Sunday, November 8, 2015

Chutzpah! New Voices from China, edited by Ou Ning and Austin Woerner

Edited by Ou Ning and Austin Woerner
Translated from Chinese
2015, I read Advanced Review Copy
281 pages, short stories, non-fiction

Many thanks to the University of Oklahoma Press for providing a review copy of this book.

Chutzpah! was an innovative, short-lived Chinese literary journal. In the 16 issues published between 2011 and 2014, Chutzpah! brought writing by minorities and people from the margins of Chinese society - including Chinese-language writers from other countries. While the main magazine was in Chinese, every issue included an English-language supplement, "Peregrine," featuring translations of popular stories from previous issues. This collection, published by the University of Oklahoma Press, presents 16 pieces selected by the magazine's founding editor Ou Ning and English language editor Austin Woerner.
What made Chutzpah! special, both to Chinese readers and to Sinophiles abroad, was its focus on younger and lesser-known Chinese writers, its stylistic eclecticism, its broad definition of what constitutes "Chinese writing," and its independent voice - registered in the more liberal Guangdong province, and beholden to a media conglomerate rather than to a government sponsor, it was able to publish more adventurous work than other publications of its kind in China. - Preface
The works presented in English translation here reflect these characteristics of the magazine. Of the 16 works, there are 14 short stories, 1 creative nonfiction piece, and 1 essay, representing a variety of voices and styles. Because of this eclecticism, I have chosen to review each piece individually, with some overall comments at the end of this post.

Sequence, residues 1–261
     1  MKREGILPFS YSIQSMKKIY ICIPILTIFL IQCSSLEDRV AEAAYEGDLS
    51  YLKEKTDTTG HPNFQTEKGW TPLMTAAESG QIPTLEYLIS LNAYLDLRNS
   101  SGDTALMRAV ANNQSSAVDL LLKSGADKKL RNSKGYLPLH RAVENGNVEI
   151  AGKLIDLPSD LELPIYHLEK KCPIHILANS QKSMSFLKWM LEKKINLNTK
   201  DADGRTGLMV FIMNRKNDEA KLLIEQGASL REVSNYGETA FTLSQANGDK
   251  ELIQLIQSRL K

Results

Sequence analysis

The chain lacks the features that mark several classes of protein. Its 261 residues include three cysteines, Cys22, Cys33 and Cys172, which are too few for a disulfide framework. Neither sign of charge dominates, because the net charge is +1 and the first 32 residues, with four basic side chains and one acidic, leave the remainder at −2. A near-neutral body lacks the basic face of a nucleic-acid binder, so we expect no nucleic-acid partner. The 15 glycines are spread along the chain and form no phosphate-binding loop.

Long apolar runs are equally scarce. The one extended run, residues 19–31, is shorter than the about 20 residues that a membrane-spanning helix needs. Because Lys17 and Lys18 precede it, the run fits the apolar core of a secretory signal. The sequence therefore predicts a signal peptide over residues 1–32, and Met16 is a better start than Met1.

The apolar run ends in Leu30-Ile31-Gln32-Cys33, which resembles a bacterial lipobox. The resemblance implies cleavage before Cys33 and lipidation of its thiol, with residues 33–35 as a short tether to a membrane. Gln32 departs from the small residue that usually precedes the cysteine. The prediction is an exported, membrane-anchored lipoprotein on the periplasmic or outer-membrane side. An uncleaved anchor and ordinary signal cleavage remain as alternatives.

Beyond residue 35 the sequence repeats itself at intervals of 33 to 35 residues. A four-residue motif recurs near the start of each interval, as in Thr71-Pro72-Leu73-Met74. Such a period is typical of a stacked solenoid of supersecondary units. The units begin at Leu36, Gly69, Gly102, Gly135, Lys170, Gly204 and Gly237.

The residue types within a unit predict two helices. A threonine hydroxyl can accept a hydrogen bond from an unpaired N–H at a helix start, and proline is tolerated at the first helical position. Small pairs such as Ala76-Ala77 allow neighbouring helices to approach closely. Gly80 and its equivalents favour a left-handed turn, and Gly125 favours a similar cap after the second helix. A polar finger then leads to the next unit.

When a man is trapped under a building during an earthquake, his soul travels into his past, revealing the actions and decisions that led him to become an alcoholic, depressed marketing representative.  

This story is a surprisingly hilarious take on a near-death experience, mostly because of the snarky comments of the main character as narrated by his friend. An example from the moment of the earthquake:

His last thoughts before he blacked out were: This is some booze. When it puts you down, the whole world comes rattling down with you.

According to Xu's biography, his work usually focuses on the less-fortunate classes of Chinese society. I greatly enjoyed his simple, wry humor, and would happily read more of his writing.

Read Xu Zechen's short story "Galloping Horses." 

  • “A Village of Cold Hearths” by Sheng Keyi (China), translated by Brendan O’Kane

It is the Chinese Cultural Revolution. A village works together to produce a (purportedly) record-breaking crop, but when it is not as big as predicted, the villagers begin to accuse each other of hoarding grain. As the famine becomes worse, the paranoia and punishments become extreme. Meanwhile, one young man in the village carries on a romance with Fish, a mermaid he met on the bank of the nearby river.

This is tied for my favorite story in this collection (with “The Failure”) because of the wonderful way the author combines the terror and cruelty of the Cultural Revolution with the fantasy of romance with a mermaid. Fish's origins are in the misogynistic culture of rural China; she represents China's "missing girls" - the female children who have been abandoned or aborted because of the now-defunct One Child Policy and the cultural preference for boys. She is very intelligent, and continuously warns her lover Liufu of the danger to the village. Liufu not only ignores her warnings, but he actively participates in the raids and punishments so as not to get caught himself.